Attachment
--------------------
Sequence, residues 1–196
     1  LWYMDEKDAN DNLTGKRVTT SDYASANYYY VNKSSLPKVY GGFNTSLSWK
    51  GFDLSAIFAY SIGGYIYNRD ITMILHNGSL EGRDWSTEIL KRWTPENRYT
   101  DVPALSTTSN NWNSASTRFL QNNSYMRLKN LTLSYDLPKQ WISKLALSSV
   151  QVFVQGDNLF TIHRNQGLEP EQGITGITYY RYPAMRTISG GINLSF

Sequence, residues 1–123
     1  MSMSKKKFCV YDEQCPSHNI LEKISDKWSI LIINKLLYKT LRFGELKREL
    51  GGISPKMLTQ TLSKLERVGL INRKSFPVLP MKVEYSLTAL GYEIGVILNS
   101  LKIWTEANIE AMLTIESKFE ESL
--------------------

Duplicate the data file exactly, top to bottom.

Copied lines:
Sequence, residues 1–196
     1  LWYMDEKDAN DNLTGKRVTT SDYASANYYY VNKSSLPKVY GGFNTSLSWK
    51  GFDLSAIFAY SIGGYIYNRD ITMILHNGSL EGRDWSTEIL KRWTPENRYT
   101  DVPALSTTSN NWNSASTRFL QNNSYMRLKN LTLSYDLPKQ WISKLALSSV
   151  QVFVQGDNLF TIHRNQGLEP EQGITGITYY RYPAMRTISG GINLSF

Sequence, residues 1–123
     1  MSMSKKKFCV YDEQCPSHNI LEKISDKWSI LIINKLLYKT LRFGELKREL
    51  GGISPKMLTQ TLSKLERVGL INRKSFPVLP MKVEYSLTAL GYEIGVILNS
   101  LKIWTEANIE AMLTIESKFE ESL